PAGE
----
Laurie Elendu has been named the curator of the Delta Museum. She replaces longtime museum director Jim Wetzel, who continues to serve the Delta County Historical Society as a board member and volunteer.
From the time she was born until the sixth grade, Laurie Elendu grew up in Delta. She moved to Durango with her family until the eighth grade, when her family moved once again, this time to Holyoke. Laurie finished out her high school years in Holyoke.
She began pursuing a degree in engineering from Fort Lewis College, however, but she decided engineering was not for her and she transferred to Colorado State University, where she studied studio arts. Laurie transferred to Michigan State University where she minored in history of art, student taught, and earned a master's degree in art history, integrative studies and interior design for historic preservation.
One of her hobbies is sculpting. She is very passionate about art, stories and volunteering. She believes it's critical that she engages herself in the community.
As the new curator for the Delta Museum, Elendu wants to bring more visitors into the museum by providing value. She says that sometimes when a story is told people do not listen because they are not a part of it.
"People want to see themselves in the story," she said. "When people see themselves in the story they are going to come. In a story, you must reflect what is inherently valuable to the people who live here."
Her long history of working with and for museums makes her knowledgeable about what will draw people to exhibits.
When she was young Laurie and her family traveled. They visited museums and old cemeteries, finding tombstones that were "works of art." As a little girl, Laurie wondered about the person buried there and what kinds of stories they had. This helped to start her fascination with history.
Later, her fascination grew when her grandfather, the first Sioux Indian to serve in the House of Representatives, took Laurie and her two sisters to live with him in Washington, D.C., for a month. History came alive.
But, Elendu got her real introduction into preserving history when she worked in the archives as a student and later worked with Dr. Julie Avery, assistant curator of history at Michigan State University.
One of her first projects was putting together four large panels for the state fair. Cohesively, the panels were meant to tell the history of the fair.
Marsha McDowell, curator of folk art at Michigan State University, came to Laurie after hearing of her success with the state fair exhibit. McDowell knew about Laurie's Native American heritage, so she asked her to help with a Smithsonian exhibit that would travel to eight different venues. The exhibit was about Native American quilts.
"Not many people know, or knew, that quilts were traditionally made by Native American women."
Ecstatic of this opportunity, Laurie eagerly joined the team. She toured reservations in South Dakota, North Dakota, Montana, Utah, Wyoming and Colorado and then she commissioned quilts from each area.
Part of her job was to also do oral history interviews. She ended up spending approximately two and a half years completing everything the Smithsonian would need.
After completing the project and her courses, Elendu returned to Colorado, this time with her daughter. They lived in Oak Creek where, at the time, the town was re-establishing a museum in its newly restored town hall.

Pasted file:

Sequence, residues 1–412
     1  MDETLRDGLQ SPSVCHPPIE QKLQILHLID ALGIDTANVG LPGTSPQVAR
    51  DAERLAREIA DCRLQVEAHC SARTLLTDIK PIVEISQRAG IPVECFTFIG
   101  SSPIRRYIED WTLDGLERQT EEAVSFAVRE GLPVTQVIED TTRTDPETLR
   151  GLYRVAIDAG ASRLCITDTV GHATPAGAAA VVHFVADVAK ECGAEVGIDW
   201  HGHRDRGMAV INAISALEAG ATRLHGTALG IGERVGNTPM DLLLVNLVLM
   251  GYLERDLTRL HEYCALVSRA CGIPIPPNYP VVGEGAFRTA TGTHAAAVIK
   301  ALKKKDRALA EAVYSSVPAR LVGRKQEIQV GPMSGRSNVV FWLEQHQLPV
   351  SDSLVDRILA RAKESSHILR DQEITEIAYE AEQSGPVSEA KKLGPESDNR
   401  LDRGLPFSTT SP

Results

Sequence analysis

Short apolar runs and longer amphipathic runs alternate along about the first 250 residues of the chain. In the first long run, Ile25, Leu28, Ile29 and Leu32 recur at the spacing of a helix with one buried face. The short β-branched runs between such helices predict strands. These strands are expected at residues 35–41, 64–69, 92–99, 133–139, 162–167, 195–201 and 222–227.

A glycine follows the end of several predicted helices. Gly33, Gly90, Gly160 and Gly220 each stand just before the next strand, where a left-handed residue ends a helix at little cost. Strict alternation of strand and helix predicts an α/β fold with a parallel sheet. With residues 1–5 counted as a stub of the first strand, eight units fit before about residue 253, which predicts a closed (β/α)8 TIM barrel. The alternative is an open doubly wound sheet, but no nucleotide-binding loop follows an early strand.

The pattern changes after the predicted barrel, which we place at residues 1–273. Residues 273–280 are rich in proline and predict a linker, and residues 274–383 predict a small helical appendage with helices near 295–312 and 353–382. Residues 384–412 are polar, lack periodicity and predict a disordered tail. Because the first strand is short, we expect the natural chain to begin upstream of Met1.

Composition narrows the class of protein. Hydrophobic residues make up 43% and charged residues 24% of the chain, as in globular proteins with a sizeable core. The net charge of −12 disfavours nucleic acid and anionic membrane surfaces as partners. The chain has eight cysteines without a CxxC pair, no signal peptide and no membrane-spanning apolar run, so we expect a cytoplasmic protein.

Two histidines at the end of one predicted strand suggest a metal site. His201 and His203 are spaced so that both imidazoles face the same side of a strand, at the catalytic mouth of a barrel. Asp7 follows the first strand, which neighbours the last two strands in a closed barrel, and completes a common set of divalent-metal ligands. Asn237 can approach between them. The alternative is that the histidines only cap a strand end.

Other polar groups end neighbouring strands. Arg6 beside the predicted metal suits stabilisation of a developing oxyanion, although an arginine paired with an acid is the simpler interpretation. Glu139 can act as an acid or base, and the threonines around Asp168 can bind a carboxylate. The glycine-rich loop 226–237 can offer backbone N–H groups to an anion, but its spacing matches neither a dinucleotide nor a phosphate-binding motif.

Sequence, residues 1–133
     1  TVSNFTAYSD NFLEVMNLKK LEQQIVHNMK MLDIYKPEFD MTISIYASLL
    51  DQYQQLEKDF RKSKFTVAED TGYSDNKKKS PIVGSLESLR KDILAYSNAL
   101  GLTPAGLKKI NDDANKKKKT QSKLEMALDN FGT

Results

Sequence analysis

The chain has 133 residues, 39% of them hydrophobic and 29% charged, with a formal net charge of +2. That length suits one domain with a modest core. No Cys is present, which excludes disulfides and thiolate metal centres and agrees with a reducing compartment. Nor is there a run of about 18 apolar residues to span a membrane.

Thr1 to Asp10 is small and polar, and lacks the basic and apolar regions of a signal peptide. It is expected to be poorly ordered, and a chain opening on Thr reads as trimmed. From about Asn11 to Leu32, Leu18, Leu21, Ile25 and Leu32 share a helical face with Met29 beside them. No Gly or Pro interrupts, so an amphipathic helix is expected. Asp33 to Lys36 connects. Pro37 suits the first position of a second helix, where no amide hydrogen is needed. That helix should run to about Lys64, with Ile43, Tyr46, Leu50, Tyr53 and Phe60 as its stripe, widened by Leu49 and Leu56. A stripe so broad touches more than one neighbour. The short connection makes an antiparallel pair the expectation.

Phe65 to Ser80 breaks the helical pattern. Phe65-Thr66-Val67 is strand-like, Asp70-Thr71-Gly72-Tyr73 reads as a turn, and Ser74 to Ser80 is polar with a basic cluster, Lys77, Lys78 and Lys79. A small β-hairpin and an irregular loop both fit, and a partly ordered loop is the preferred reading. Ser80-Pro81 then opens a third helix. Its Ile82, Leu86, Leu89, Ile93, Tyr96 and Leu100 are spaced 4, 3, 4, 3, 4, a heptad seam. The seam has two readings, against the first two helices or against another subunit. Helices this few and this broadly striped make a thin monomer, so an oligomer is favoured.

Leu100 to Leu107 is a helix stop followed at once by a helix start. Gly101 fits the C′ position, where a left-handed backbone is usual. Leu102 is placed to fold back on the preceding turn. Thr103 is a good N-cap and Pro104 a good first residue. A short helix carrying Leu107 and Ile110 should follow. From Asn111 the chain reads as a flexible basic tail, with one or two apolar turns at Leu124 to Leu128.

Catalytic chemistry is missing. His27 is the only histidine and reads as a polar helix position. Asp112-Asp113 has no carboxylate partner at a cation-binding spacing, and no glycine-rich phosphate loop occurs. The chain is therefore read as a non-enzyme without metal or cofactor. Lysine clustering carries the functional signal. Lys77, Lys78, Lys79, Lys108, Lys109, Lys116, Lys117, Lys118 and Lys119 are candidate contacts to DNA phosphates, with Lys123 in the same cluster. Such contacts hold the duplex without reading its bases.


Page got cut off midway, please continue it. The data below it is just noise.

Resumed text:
Elendu said, "I just fell into that. I worked with the town historian, Mike Yurich, who had lived there since he was a child. We had 11 exhibits that we did within five or six weeks. They had all of these people coming, to give speeches and hand out awards. This was all because the historical society members knocked themselves out and did a beautiful job of restoring the town hall. It was just absolutely gorgeous."
Now, with a child and finished with another job, Elendu decided it was time to move closer to her parents which led her to return to Delta County.
Prior to working at the Delta County Museum, Elendu volunteered with the Western Slope Conservation Center in Paonia.
Elendu said that one of the most beautiful things about working in museums is that you can bring history alive by sharing ideas and collaborating with the community.
"They say that two heads are better than one, but I think that the more heads that are involved, the better. We all have strengths and we all have weaknesses, so if we utilize those strengths and empower people, then you can bring about amazing things," she said.
Elendu hopes to invigorate community involvement and get people volunteering at the museum.
Elendu explained working in a rural community versus working for a museum at a university. At Michigan State University, the university budget covered a director and an assistant director. In addition, there were curators for every facet of the museum and under them were student workers. Resources and volunteers were abundant.
In Delta County, the museum relies on the support of the community members -- people who volunteer and trust the museum with their belongings.
"It is a matter of honoring tradition, and keeping traditions as well as honoring the people who have come before, who have put blood, sweat, and tears into the facility, into the stewardship." Laurie continued, "These items have been given to us by a long list of people. I, we, know it is a huge responsibility to ensure the proper care of the items."
There are challenges with working in a small community, but one advantage is the numerous ways of deeply connecting with community members.
Elendu's ultimate goal is to "do something to help educate for the purpose of education, entertainment, and inspiration. And work with values, collaboration, honesty and integrity."